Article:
ICYMI, the recent release of Sensu 6.7.0 introduced the Sensu Integration Catalog – an open marketplace for Sensu Go. Along with the release, we also hosted a webinar highlighting how the Sensu Integration Catalog unlocks self-service infrastructure monitoring. In the webinar, we talked about the “what and why?” – what problems does the Catalog solve, and why we decided to solve them with a marketplace. In this blog post, I’m going to be doing a technical deep dive into the “how?” – how it works, and how to get started developing your own integrations. If you’re interested in these details of what makes the Catalog integrations tick, keep reading.
The story so far…
We’ve been experimenting for over a year now on how to lower the barrier to entry for new Sensu users by providing curated solution templates. The Sensu Integration Catalog is the result of those efforts.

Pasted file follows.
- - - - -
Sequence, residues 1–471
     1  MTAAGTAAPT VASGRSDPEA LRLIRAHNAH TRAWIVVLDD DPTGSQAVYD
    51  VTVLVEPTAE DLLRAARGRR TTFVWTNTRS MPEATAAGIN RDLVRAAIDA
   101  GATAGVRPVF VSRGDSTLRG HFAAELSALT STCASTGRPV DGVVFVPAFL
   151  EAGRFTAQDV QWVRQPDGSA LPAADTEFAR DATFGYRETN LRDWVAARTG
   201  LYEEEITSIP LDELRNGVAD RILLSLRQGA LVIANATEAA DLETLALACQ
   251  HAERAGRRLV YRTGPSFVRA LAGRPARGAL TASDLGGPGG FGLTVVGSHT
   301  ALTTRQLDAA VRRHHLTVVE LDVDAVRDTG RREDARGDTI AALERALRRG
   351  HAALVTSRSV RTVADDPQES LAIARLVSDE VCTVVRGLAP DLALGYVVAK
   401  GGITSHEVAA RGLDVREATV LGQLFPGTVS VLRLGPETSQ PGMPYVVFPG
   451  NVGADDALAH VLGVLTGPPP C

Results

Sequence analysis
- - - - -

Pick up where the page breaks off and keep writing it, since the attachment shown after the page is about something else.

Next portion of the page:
Some of our more active community members may have seen us working on the catalog content for the past few months, focusing on sharable resource templates for pre-defined monitoring workloads. We were able to get most of the way there with static YAML templates, but these ultimately required users to be comfortable with the Sensu APIs, CLI, and monitoring as code workflow. What we wanted was an even easier way to help new users get started without having to learn so much about how Sensu works. To accomplish this, you would need to customize the templates to your environment (e.g. DNS configuration and/or secrets) and integrate Sensu with the other tools already in use in your organization. The Sensu Integrations Catalog is exactly the user experience we’ve been looking for.
Putting the Pieces Together
There are 3 pieces that make the Integrations marketplace experience work.
Open-source integrations (https://github.com/sensu/catalog).
This repository is the most important component of the Sensu Integration Catalog – it contains the curated integration content, in the form of Sensu resource definitions and integration definitions which define how they are configured via prompts in the web app. This is the primary focus of this blog post so we’ll take a closer look at integrations below.
A static API generator tool (https://github.com/sensu/catalog-api).